|Alma mater||University of the Witwatersrand|
(m. 1969; div. 1986)
|Relatives||Helen Suzman (aunt)|
Suzman later starred in a wide range of classical and modern drama as well as directing many productions, both in Britain and South Africa. She is a niece of Helen Suzman, South African politician and anti-apartheid campaigner. Suzman herself appeared in a film that looked closely at the apartheid issue, A Dry White Season (1989).
Her grandfather, Max Sonnenberg, was a member of the South African parliament, and she is a niece of the late civil rights/anti-apartheid campaigner, Helen Suzman. Suzman was educated at the independent school Kingsmead College, Johannesburg, and at the University of the Witwatersrand, where she studied English and French. She moved to London in 1959.
After training for the stage at the London Academy of Music and Dramatic Art Suzman made her debut as Liz in Billy Liar at the Tower Theatre, Ipswich, in 1962. She became a member of the Royal Shakespeare Company in 1963 and started her career there as Joan of Arc in The Wars of The Roses (1962–64). The RSC gave her the opportunity to play many of the Shakespearean heroines, including Rosaline in Love's Labour's Lost, Portia in The Merchant of Venice, Ophelia in Hamlet, Kate in The Taming of the Shrew, Beatrice in Much Ado About Nothing, Celia and Rosalind in As You Like It, Lavinia in Titus Andronicus and her Cleopatra, magisterial, ardent and seductive, in 1973, about which critics raved, and which is said to be a definitive performance. (A 1974 ITC production, broadcast in the UK and the US, captured her performance for television audiences.) Although her stage appearances tended to run naturally towards Shakespeare and the classics, including Ibsen's Hedda Gabler, Chekhov's The Three Sisters, Marlowe, Racine, Gorky and Brecht, she also appeared in plays by Genet, Pinter, Ronald Harwood, Nicholson, Albee and others.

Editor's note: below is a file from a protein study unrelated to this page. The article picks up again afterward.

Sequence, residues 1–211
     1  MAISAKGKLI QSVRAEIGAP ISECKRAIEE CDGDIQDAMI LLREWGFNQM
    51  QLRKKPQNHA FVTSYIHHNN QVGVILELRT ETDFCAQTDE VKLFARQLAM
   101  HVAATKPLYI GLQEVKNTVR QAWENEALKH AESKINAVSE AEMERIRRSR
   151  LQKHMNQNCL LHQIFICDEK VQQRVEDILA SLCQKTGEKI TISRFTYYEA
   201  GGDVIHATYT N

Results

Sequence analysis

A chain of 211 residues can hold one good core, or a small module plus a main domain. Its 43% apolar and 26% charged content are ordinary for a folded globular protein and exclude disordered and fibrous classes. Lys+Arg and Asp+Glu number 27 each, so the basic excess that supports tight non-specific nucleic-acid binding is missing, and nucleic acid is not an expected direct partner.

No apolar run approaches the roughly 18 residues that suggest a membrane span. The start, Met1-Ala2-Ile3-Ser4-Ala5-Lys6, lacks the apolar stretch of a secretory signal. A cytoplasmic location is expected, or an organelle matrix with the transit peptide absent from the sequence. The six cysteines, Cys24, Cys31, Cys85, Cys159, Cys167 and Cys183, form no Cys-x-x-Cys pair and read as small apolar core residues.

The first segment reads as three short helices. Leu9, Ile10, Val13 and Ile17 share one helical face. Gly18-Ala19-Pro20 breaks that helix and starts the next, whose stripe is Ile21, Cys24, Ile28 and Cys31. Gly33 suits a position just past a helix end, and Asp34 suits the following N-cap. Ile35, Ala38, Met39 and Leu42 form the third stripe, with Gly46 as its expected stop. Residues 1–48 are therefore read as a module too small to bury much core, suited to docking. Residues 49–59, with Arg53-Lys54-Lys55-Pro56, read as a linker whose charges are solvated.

Films and TV
She appeared in many British television drama productions in the 1960s and early 1970s, including Saint Joan (1968), The Three Sisters (1970), Macbeth (1970), Hedda Gabler (1972), Twelfth Night (1973), as Hilda Lessways in Clayhanger (1976), as Lady Mountbatten in Lord Mountbatten – The Last Viceroy (1985) and Dennis Potter's The Singing Detective (1986). Her first film role was in Nicholas and Alexandra (1972), and she was nominated for the Academy Award for Best Actress, the BAFTA and the Golden Globe for her portrayal of the Empress Alexandra. This was followed by A Day in the Death of Joe Egg (1972) opposite Alan Bates. In addition to the 1974 television version of Shakespeare's Antony and Cleopatra, she also appeared as "Frosine" in the BBC's Theatre Night 1988 production of The Miser opposite Nigel Hawthorne as "Harpagon" and Jim Broadbent as "Maitre Jacques". Another role was that of Frieda Lawrence in Priest of Love (1981).
She has made few films since, the best-known being Don Siegel's The Black Windmill (1974), Nijinsky (1980), Peter Greenaway's The Draughtsman's Contract (1982), Federico Fellini's E la Nave Va (And the Ship Sails On 1983), A Dry White Season (1989) with Marlon Brando and Nuns on the Run (1990; a rare comedic role). In 2020 Suzman appeared in the Netflix production of The Crown as the literary agent of Michael Shea, the Queen's press secretary. The episode dealt with the rift between Buckingham Palace and Margaret Thatcher over the prime minister's refusal to back Commonwealth sanctions against South Africa. The episode also inferred that Mrs Thatcher's stance might have been linked to her son Mark's business interests in South Africa.